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When merging general ledger software, a careful approach is advised

Determining the best way to bring two companies general ledgers together after an acquisition relies heavily on the nature of the business and the reason for the merger, industry experts say.

To pull off a successful acquisition, it takes a lot more planning than simply finding the right price at which...

to bring a new company into the fold -- because after the deal is done the real work starts.

At the heart of any acquisition is the financials, the general ledgers. Companies undertaking an acquisition or merger need to approach their general ledger bookkeeping very carefully, determining how to bring the books together -- if they should be merged at all.

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Such questions lead to more questions, like how to determine which general ledger (GL) software is better, when to migrate and how to minimize major interruptions.

“The answers all depend on the logic of the acquisition,” said George Lawrie, vice president and principal analyst for Forrester Research Inc. in Cambridge, Mass. “Some people make an acquisition because they want to propagate their products into the acquired company’s market, and very often in that case, they’ll say, ‘You can use our financials right away.’ Why? It’s because they want to get control over the vital financial aspects of the new business.”

General ledger software management

In these situations, merging the general ledger software is often a foregone conclusion.

“We often see people saying, ‘We don’t really care whether your GL is better or not because we don’t think a general ledger can be particularly differentiated.’ What we do want to do is have everybody on a common chart of accounts, a common reporting cycle and a common set of accounting policies so that we know that when we talk about apples you mean the same thing we do when we talk about apples,” Lawrie explained.

“The only time I see people say, ‘Keep your own systems,’ is when the logic is totally different -- where the logic of the business is more of a conglomerate, where business units are not going to share customers or suppliers,” he added.

This sort of acquisition tends to be about investing in a company at arm’s length, and all the acquiring company wants to know is how the financial reports turn out at the end of each quarter. In terms of best practices, it’s always smart to take a step back and survey the operational landscapes of the two companies first, according to Lawrie.

According to Alan Fang, chief operating officer for ERP Logic, an SAP reseller in Irving, Texas, “The first question the organizations need to ask is, what is the value that the merger or acquisition is supposed to bring? Is it to increase revenue? To gain operational efficiency and synergy to bring better top-line and bottom-line growth? Are you buying a technology or specific know-how or looking to increase market share?”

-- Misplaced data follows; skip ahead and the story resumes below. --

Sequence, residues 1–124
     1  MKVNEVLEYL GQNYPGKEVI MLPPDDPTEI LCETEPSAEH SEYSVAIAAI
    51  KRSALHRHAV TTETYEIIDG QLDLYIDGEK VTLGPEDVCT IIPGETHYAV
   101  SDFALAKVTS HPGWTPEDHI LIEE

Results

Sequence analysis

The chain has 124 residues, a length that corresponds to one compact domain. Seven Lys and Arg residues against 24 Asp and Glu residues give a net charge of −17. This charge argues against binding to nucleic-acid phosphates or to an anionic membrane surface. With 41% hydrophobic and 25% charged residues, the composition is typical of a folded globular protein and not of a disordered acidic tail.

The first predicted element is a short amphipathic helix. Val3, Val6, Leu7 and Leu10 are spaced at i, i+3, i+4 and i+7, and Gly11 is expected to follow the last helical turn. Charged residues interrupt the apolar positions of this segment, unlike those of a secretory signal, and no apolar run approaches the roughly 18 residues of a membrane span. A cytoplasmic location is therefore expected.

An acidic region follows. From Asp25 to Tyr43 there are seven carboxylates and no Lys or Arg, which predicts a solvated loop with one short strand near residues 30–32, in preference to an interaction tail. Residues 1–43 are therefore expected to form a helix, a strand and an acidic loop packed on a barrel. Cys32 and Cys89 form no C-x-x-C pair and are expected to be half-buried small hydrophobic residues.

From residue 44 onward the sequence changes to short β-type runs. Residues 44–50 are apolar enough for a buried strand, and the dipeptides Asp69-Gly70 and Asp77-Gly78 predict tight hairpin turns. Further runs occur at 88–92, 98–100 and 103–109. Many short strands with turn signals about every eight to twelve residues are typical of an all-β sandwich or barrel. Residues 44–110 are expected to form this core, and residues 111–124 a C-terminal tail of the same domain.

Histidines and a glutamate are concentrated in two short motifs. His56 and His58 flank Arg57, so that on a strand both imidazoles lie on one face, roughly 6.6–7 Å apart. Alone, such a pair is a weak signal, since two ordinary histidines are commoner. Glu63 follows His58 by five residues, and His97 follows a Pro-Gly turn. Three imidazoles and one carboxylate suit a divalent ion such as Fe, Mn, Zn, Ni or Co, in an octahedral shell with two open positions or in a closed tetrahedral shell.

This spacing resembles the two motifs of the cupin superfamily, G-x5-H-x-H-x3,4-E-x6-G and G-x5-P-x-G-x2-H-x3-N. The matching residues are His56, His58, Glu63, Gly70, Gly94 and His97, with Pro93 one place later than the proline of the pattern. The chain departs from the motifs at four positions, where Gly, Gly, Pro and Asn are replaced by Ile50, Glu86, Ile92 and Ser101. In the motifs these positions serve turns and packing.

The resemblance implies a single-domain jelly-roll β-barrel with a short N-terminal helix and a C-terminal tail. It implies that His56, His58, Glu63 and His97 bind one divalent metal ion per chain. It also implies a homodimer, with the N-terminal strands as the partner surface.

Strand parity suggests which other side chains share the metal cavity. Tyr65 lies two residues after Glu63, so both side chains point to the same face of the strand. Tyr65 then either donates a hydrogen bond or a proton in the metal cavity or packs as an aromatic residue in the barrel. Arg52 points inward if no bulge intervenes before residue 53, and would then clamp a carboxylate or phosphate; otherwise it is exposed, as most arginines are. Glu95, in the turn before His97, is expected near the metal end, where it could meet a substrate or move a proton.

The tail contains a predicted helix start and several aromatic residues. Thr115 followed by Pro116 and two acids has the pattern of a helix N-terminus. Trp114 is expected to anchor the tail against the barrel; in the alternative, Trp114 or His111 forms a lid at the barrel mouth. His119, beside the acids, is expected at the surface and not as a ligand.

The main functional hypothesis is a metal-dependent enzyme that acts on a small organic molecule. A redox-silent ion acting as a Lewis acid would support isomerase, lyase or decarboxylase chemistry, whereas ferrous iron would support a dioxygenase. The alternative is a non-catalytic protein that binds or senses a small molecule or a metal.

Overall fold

When those questions are identified, it’s easier to determine if integrating the operations is a priority. “If so, a singular system platform may be the right way to approach this, and if that is the case, the system landscape comes into play, and when the system landscape comes into play, GL is usually the least of the concerns,” Fang explained. Why? When it comes time to merge entities, especially into single ERP-focused applications, the operational transitions may be more difficult than the financials. So merging general ledgers might be like putting the cart before the horse.

Once it’s clear that general ledger software should be merged, there are several key places to start and several strategies to ensure success, noted Jonathan Gross, vice president and corporate counsel for Toronto-based Pemeco Consulting.

“The first place to start is to determine an appropriate GL structure for the combined entity,” he said. “To do so, relevant executives and finance department personnel from both companies should meet to determine which structure best applies. In some cases, it may be one GL structure, the other, a combination or some evolved iteration.”

In fact, there are two scenarios that play out when merging financials, according to Gross. If the charts of account between the two companies correspond, the GL software merger is fairly straightforward. If they don’t correspond, businesses should develop a comprehensive mapping scheme to bridge the gap between the GL account structures.

As for timing, organizations can avoid peak areas of risk by paying attention to the company calendars -- and Gross acknowledged that it can be a serious balancing act.

“Businesses should avoid timing the integration with key reporting periods and heavy-volume shipment cycles. They should steer clear of financial year-ends and quarter-ends, as well as peak seasons,” he explained. “Ideally, businesses will schedule GL integration for a low-volume month-end that is not likely to have a significant impact on deliveries.”

Last of all, Gross recommends that companies go into the merger process with clear-headed views not of how it should come together, but how it can fit. His consultancy has often been asked to come in and clean up poor general ledger integration following mergers and acquisitions (M&As).

“One piece of advice: Don’t shoehorn a system into an acquired business if that system isn’t the right fit,” Gross said. “Business plans that map out M&A economies of scale and scope simply assume that departments can be integrated and processes standardized. However, forcing a square system into a round business peg is a sure way to impede the realization of any of projected benefits. There are alternatives. Understand them. Study them.”

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